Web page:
How will these resources help you? 

The mainstream position in Islam, such as that of the Muslim Council of Britain, is that homosexual relationships are sinful. However, these resources present examples of Muslim groups and individuals who accept LGBTQ+ identities within the faith as well as gay, lesbian and queer Muslims who do not necessarily see a contradiction between these parts of their identity. Academic support is also shown, as well as some of the possible consequences of an intolerant approach to LGBTQ+ Muslim identities. These resources will enable fruitful discussions around sexuality and human relationships within religion and worldviews and contribute more widely to discussions around interpreting texts and broader approaches to the relationship between religion and the contemporary world. 

A Muslim scholar's view: Amina Wadud

Gender, sexuality and identity: An interview with Islamic feminist Dr Amina Wadud

by Elizabeth Arif-Fear, published by Voice of Salam, (2018)

Dr Amina Wadud is a prominent Qur’anic scholar and feminist known for leading mixed-gendered prayer in the Claremont Mosque, Cape Town, in 2005. She is LGBTQ+-affirming and this interview outlines the case for accepting diversity within Islam. She specifically addresses what she has coined the ‘Takfiri Factor’, where Muslims with a view on specific issues that are not deemed as orthodoxy will be dismissed by stating that the holder of the view is not Muslim. For Wadud, this mechanism is used to prop up a patriarchal and conservative understanding of Islam as a reaction to imperialism rather than something that is part of the genuine tradition of Islam. She gives a scholar’s emphasis on the diversity of opinions in Islam, which will support students and teachers alike when they encounter views that may differ greatly from what they currently perceive as ‘Islam’. 

Muslim family reactions to homosexuality

My God, I’m Queer

by Matt Mahmood-Ogston and Behind the Facade Films, published by Naz and Matt Foundation, (2020)

This award-winning documentary tells the heart-breaking story behind the setting up of the Naz and Matt Foundation. Matt has chosen to tell his story to allow discussion around the ‘religious’ justifications given for homophobia. The documentary illustrates some of the possible consequences of familial intolerance of LGBTQ+ identities, focusing on the experiences of different Muslims who identify as LGBTQ+. The range of reactions from families and ways that LGBTQ+ people have found peace surrounding their identities offers the opportunity for students to hear voices that may not always be present in resources on this topic in the classroom.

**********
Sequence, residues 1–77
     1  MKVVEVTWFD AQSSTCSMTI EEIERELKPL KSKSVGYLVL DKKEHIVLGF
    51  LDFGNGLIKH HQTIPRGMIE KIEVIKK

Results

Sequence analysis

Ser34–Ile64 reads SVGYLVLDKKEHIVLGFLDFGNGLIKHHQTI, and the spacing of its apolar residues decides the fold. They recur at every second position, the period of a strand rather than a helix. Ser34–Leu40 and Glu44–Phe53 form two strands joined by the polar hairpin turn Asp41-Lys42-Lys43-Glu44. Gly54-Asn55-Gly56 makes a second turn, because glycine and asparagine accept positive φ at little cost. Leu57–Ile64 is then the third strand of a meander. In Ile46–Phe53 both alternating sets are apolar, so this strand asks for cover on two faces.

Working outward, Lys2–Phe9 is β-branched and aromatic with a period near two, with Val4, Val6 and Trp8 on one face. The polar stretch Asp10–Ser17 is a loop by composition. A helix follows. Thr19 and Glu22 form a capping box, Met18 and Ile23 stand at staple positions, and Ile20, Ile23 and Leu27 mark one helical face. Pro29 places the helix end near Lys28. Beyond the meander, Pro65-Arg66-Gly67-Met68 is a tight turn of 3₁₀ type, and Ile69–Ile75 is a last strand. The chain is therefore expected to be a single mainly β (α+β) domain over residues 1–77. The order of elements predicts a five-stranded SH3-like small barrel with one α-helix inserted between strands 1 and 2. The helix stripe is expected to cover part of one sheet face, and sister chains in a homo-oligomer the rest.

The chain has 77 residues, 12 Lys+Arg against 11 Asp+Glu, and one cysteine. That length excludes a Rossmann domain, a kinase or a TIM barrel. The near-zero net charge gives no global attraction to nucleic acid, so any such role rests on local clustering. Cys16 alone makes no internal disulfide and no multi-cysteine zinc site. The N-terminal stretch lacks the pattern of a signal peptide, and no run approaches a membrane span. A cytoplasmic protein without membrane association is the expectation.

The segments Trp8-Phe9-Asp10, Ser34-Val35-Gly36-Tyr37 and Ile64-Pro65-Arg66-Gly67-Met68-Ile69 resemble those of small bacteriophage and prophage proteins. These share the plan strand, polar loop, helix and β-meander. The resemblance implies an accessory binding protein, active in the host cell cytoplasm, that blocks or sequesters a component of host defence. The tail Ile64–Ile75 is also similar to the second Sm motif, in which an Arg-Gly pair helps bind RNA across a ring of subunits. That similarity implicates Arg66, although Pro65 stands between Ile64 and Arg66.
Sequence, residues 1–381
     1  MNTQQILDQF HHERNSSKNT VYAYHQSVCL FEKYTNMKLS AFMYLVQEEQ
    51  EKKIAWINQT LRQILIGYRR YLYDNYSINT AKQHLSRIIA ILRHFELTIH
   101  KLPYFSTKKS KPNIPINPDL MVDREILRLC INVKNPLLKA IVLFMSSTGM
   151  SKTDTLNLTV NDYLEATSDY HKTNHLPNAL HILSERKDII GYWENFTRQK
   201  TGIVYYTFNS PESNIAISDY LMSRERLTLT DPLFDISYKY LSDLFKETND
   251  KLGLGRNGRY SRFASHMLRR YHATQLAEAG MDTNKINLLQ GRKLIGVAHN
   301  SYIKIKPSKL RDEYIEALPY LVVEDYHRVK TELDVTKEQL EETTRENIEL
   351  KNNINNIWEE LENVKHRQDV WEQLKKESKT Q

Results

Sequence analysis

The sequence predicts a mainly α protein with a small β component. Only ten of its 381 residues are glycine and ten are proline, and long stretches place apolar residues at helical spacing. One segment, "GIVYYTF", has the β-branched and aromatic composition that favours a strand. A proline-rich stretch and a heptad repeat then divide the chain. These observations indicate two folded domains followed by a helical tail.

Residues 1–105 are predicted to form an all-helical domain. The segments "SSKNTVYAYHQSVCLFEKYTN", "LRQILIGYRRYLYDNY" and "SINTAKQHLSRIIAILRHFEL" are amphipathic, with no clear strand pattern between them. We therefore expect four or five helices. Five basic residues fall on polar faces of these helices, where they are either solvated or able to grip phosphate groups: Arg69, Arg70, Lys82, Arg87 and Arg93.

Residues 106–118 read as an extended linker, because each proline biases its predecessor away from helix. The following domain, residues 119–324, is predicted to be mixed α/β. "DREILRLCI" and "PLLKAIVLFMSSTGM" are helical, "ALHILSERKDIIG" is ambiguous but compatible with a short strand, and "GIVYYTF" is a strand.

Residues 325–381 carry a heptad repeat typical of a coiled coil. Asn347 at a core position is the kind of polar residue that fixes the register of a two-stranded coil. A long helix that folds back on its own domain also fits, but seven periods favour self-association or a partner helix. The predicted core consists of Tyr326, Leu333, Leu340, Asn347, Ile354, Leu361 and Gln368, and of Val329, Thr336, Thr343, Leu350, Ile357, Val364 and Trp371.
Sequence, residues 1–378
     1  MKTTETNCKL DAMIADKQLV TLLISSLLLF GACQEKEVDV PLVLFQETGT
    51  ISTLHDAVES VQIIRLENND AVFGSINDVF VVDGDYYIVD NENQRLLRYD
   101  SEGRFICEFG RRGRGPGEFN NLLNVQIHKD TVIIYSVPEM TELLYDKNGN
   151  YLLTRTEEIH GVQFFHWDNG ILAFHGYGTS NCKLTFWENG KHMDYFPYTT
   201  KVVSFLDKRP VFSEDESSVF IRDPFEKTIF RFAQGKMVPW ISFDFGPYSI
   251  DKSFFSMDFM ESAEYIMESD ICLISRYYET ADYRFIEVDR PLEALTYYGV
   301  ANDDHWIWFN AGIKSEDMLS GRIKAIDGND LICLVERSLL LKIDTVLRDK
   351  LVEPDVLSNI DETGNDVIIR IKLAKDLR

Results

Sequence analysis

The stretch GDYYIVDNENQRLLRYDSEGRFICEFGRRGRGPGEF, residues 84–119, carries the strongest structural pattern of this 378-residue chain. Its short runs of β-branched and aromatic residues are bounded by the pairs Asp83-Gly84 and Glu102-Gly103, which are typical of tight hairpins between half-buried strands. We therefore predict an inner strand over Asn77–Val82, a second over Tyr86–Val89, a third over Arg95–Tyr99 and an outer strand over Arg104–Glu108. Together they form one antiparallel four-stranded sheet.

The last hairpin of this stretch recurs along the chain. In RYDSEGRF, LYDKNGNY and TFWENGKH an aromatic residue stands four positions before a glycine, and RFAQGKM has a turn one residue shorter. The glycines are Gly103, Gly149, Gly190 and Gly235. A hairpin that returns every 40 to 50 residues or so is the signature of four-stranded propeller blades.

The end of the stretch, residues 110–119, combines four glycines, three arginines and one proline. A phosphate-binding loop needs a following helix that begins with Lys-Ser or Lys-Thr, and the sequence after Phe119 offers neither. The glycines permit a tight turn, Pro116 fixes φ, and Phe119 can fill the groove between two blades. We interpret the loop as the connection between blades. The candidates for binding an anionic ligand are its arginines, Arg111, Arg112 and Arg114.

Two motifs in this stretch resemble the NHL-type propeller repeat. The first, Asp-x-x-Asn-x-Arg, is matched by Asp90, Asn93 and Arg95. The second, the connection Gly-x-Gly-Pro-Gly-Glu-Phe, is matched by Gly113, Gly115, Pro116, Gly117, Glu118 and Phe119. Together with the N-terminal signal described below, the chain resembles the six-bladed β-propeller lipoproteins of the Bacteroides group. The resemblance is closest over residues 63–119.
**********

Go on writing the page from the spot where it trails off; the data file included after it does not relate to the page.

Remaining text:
A Muslim scholar’s view: Scot Siraj al-Haqq Kugle

Homosexuality in Islam: Critical Reflection on Gay, Lesbian, and Transgender Muslims

by Scott Siraj Al-Haqq Kugle, published by Oneworld Academic, (2010), 9781851687015

 | Dr Kugle has said that writing as an academic on Islam and sexuality and gender identity has caused him to come out twice: first as a gay man within the Muslim faith and second as a practising Muslim within academia. A prominent scholar on the issue of Islam and LGBTQ+ identities since the early 2000s, he states the 9/11 bombings in New York as a historical moment that encouraged him and others to publish on themes around progressive Islam. While his work has been rejected and even boycotted in various Muslim settings where his Qur’anic interpretations are not accepted, it has also been favourably received by many across the globe. Kugle hopes to help LGBTQ+ Muslims reconnect with their faith and contribute to academic support for LGBTQ+-accepting Islam. As a North American Sufi Muslim, Kugle would also be of interest to students as an example of the diversity of experiences within the Islamic tradition. 

Queer Islam in the Western Imagination

Racializing Queer Religiosity: LGBTQ Muslims in the Western Imagination

by Rasturge, published by The University of Vermont, (2019)

This blog post from the University of Vermont sets the diversity of views around LGBTQ+ identities and Islam within a broader context of the need to decolonise discussions of Islam and Muslim worldviews. The article examines the discourse on Islam and LGBTQ+ identities and the experience of people of faith within a secularised worldview of the LGBTQ+ community. With various case studies of Queer Muslim community leaders and unpicked cultural assumptions, this article will be of particular use to teachers when planning curriculum on this topic. 

Audiovisual clip

Queer Britain - Islam and Homosexuality

published by BBC Three, (2017)

A testimony from a Muslim woman planning a marriage of convenience.

Further Materials

A Dutiful Boy: A memoir of secrets, lies and family love by Mohsin Zaidi, published by Penguin, (2021), 9781529112207 Find this book
The Inclusive Mosque Initiative Visit this website
Imam Muhsin Hendricks reflects on homosexuality by Docukanaal, published by YouTube, (2011) Watch this video
Queer Britain: Does God Hate Queers?, published by BBC Three, (2017) Watch this clip
Ruth Marx teaches Religion and Worldviews, is a Consultant for Religious Studies and PSHE, a Farmington Fellowship Scholar and a published blogger on Re:Online.

Text © Ruth Marx, 2023.